Though best known as a founding member of the rock band Deep Purple, keyboardist Jon Lord has also had something of a career as a composer of concert music. Back in the late 1960s he combined his talents to write Concerto for Group and Orchestra, which can be heard in a live 1969 Deep Purple performance from Royal Albert Hall, available on Warner Brothers CD and DVD-Audio. This work is still considered one of the best crossover compositions ever penned.
Theres nothing of rock in these newer pieces, nor are they particularly imitative and bland, words one might use to describe Paul McCartneys classical music efforts. Lords music is genial and charming, well constructed, and at times downright lyrical. The Boom of the Tingling Strings was inspired by the poem "Piano" by D. H. Lawrence and is a four-movement piano concerto. There are passages that remind one of Prokofiev, Bartók, and Ravel, but if theres one single influence on Lords music it is that of his mentor, Sir Malcolm Arnold, the late English composer and conductor on the live recording of the earlier Concerto for Group. This is quite evident in the second movement, with its jazz polytonality. Lords colorful writing for the orchestra, especially the percussion instruments, also seems inspired by Arnolds pithy orchestrations.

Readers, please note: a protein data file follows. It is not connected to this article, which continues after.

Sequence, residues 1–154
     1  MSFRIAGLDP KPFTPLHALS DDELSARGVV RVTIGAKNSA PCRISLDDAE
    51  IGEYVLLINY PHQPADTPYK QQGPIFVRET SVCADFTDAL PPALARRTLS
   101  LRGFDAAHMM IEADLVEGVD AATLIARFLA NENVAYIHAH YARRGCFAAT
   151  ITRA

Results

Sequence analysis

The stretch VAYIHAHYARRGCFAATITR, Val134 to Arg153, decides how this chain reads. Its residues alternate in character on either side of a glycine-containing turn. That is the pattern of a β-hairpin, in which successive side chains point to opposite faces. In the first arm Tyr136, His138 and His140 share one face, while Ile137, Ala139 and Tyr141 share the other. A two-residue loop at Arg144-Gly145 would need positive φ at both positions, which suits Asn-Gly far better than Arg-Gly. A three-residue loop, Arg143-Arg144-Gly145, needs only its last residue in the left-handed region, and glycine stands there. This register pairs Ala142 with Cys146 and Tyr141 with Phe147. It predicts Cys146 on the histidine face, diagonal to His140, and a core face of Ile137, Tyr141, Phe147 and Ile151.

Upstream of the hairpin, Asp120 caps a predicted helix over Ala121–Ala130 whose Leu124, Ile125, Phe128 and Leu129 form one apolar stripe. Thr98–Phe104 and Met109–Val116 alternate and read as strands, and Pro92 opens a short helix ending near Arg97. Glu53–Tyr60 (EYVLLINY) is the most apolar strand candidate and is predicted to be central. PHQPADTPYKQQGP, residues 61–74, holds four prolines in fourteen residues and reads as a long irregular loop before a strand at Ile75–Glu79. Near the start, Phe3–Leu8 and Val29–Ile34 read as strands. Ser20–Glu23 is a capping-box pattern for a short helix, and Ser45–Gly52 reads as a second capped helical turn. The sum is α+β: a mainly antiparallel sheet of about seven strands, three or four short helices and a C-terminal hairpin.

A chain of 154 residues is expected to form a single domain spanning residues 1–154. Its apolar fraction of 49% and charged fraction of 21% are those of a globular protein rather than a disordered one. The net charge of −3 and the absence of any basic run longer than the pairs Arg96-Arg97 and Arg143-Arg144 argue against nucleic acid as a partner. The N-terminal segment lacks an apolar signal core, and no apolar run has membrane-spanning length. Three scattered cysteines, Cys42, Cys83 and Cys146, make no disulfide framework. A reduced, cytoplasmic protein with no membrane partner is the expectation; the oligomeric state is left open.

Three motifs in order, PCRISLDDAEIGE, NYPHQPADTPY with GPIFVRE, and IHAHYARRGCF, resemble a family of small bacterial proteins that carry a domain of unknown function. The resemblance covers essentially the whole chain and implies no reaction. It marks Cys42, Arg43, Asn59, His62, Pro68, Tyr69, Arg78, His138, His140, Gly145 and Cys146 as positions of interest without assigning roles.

Disguises, the filler piece for string orchestra, might be even better the concerto. Divided into three movements, each describing a different person (Arnold is the subject of the first one, Lords late mother the second, and an undisclosed friend the third), the composition is full of energy and genial wit, with a middle movement of profound eloquence and beauty. All of the performers do justice to their parts, and the recorded sound is rich, warm, and detailed. The rapid interplay between piano and various percussion instruments is perfectly balanced.
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